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When someone shows you who they are, believe them

We’re always trying to put our best foot forward and give the other person the best possible impression of ourselves.  Usually you have to invest significant time in someone before you truly know who they are.  Red flags may be visible but we tend to give the other person the benefit of the doubt.

Sometimes, however, the other person shows you who they are.  It is usually a moment that leaves you speechless.  For better or worse, this person has just exposed their true self to you.  Pause and think about what you’ve learned.

Some decisions are simple.  They’re married, insane or a criminal on the lam.  Some decisions are more complicated.  Unusual religious beliefs, diametrically opposed political views, a lack of drive that may become an issue in the long run.  You’ll need to think long and hard if these are things you can live with.

The point is, when someone shows you who they are, under no circumstances should you deny who is standing in front of you – believe them.

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4 responses to “When someone shows you who they are, believe them

  1. Phil ⋅

    Seems rather rash — the difference between “who someone is” and just an offhand comment, gesture or action is completely subjective. There’s also the possibility that the person is doing something they wouldn’t normally do in order to elicit a reaction (good or bad) from you specifically not because that’s who they are.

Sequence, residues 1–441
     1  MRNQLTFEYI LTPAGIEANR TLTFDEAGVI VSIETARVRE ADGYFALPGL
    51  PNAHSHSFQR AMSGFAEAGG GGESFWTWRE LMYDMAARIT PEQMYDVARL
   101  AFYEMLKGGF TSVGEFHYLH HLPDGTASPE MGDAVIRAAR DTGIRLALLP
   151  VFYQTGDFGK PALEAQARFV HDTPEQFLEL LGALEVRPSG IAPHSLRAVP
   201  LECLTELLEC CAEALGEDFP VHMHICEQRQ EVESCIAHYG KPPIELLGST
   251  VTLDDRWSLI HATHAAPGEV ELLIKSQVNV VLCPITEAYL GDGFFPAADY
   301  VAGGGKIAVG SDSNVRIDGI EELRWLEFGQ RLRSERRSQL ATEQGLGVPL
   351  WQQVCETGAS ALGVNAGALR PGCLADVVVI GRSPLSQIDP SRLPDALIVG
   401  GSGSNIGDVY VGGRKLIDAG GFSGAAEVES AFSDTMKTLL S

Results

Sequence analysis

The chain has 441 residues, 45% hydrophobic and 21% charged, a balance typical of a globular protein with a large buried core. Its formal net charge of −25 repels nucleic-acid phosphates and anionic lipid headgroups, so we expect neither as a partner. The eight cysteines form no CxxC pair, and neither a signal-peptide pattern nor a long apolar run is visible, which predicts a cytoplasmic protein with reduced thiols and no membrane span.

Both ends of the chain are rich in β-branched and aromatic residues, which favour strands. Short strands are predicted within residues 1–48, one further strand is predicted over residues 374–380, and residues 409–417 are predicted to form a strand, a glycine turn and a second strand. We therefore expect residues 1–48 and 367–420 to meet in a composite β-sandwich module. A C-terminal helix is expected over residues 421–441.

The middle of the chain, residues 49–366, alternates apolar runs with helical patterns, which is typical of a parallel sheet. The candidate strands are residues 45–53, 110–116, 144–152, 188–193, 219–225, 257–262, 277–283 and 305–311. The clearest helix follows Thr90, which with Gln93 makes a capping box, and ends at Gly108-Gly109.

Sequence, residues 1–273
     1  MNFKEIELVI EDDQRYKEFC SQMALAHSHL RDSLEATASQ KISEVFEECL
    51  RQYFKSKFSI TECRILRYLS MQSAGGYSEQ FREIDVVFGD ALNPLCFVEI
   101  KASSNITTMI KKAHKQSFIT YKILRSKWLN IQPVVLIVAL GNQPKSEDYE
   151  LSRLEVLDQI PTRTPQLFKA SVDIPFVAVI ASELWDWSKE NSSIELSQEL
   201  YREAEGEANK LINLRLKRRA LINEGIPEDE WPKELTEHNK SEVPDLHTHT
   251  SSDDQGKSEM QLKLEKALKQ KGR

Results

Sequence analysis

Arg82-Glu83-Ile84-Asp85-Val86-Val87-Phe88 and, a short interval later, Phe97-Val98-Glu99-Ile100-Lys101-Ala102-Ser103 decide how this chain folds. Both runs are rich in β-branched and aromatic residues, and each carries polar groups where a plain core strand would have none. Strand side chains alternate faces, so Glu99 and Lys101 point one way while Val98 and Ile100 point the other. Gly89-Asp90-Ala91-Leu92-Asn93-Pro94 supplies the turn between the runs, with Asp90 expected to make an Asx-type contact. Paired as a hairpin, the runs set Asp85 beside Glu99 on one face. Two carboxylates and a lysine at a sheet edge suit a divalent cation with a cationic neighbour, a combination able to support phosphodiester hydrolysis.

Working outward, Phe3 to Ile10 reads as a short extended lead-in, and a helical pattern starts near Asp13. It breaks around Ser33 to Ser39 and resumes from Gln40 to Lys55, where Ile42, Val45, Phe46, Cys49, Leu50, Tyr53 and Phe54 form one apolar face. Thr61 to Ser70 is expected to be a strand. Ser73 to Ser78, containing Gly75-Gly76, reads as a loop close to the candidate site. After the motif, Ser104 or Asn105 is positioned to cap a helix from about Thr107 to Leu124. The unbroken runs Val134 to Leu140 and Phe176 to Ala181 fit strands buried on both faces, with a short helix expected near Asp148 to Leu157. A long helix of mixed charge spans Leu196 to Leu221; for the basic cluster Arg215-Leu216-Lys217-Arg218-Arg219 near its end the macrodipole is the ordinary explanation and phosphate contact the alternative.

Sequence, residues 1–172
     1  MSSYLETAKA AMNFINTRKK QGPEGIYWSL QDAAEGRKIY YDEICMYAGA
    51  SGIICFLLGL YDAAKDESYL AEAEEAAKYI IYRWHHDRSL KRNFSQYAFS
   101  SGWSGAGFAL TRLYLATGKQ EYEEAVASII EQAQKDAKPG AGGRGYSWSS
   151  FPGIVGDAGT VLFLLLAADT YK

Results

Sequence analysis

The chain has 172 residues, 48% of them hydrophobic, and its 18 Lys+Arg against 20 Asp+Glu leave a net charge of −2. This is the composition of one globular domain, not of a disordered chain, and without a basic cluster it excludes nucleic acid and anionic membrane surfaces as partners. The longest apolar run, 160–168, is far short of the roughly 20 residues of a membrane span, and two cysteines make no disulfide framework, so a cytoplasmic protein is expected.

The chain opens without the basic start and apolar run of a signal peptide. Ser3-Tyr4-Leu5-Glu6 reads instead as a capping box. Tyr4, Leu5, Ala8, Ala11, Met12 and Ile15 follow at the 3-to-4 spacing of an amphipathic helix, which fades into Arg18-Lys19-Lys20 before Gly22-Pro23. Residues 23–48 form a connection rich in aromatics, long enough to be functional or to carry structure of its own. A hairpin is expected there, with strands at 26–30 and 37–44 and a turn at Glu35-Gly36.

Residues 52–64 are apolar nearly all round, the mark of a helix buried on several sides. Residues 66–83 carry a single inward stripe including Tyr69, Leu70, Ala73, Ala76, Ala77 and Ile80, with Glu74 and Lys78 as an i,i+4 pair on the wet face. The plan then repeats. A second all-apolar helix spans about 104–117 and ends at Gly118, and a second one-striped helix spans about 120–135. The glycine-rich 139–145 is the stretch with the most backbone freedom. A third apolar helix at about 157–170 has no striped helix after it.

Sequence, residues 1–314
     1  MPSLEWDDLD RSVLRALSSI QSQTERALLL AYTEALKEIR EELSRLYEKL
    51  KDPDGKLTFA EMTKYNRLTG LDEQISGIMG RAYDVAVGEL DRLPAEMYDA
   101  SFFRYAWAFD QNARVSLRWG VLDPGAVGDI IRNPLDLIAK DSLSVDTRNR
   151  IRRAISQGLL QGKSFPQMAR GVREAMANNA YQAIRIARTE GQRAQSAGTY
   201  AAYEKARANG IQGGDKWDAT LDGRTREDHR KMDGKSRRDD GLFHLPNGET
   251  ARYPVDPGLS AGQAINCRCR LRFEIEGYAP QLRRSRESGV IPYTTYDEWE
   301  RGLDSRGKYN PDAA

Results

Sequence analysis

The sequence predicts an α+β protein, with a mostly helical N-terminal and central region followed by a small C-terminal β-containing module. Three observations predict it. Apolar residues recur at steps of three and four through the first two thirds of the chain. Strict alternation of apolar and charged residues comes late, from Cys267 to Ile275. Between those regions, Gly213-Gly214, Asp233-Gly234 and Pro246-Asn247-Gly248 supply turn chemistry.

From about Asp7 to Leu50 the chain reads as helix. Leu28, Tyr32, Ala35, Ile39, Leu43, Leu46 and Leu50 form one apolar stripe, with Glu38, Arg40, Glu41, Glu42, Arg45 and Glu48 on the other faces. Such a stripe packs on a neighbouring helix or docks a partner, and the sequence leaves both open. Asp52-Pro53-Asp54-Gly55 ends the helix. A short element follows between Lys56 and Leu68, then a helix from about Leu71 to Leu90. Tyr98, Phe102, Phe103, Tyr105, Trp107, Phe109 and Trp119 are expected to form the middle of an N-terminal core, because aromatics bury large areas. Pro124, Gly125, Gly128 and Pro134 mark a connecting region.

• Always nice to have a male perspective. You’re right, it is subjective but since I can’t live my readers’ lives for them, I can only encourage them to make good decisions based on the available information.

      If you read yesterday’s blog it dealt with small comments, gestures, and actions. I encouraged readers to make note of them and see if they could discern a pattern before confronting or dropping someone.

      Today’s blog was more about the big stuff – like when you find out they’re married (“oh baby, we’re separating it’s just not official yet”), cheating on you (“you’re my boo, those other girls don’t mean anything”), a misogynist (“I was raised to believe that vaginas have teeth” – no really, that one was said to me), that sort of thing. Women tend to give men the benefit of the doubt even when it goes against our common sense and sense of self-preservation. We’ll attempt to hang in there when we should really cut and run.

      I’m curious as to why someone would do something they wouldn’t normally do to elicit a reaction (good or bad). It seems a bit manipulative to me.

  2. Phil ⋅

    I threw in the “good or bad” for situations like shy love interest tries to act tuff because their jerk friend convinced them that’s the way to win a gal’s heart. Of course eventually they always make amends — at least in 80’s movies.

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